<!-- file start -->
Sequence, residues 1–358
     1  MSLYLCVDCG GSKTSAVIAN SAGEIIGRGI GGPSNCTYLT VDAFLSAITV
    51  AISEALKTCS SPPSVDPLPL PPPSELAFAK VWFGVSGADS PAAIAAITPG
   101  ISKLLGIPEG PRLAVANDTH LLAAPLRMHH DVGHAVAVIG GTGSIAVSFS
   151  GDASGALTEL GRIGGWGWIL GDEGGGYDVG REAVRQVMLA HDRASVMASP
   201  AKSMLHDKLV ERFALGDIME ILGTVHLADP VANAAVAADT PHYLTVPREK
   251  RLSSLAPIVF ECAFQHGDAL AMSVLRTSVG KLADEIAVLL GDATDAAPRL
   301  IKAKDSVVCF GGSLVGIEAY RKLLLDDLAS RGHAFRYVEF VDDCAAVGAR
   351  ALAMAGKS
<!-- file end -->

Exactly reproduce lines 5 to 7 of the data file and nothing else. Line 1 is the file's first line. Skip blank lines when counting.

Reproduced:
   151  GDASGALTEL GRIGGWGWIL GDEGGGYDVG REAVRQVMLA HDRASVMASP
   201  AKSMLHDKLV ERFALGDIME ILGTVHLADP VANAAVAADT PHYLTVPREK
   251  RLSSLAPIVF ECAFQHGDAL AMSVLRTSVG KLADEIAVLL GDATDAAPRL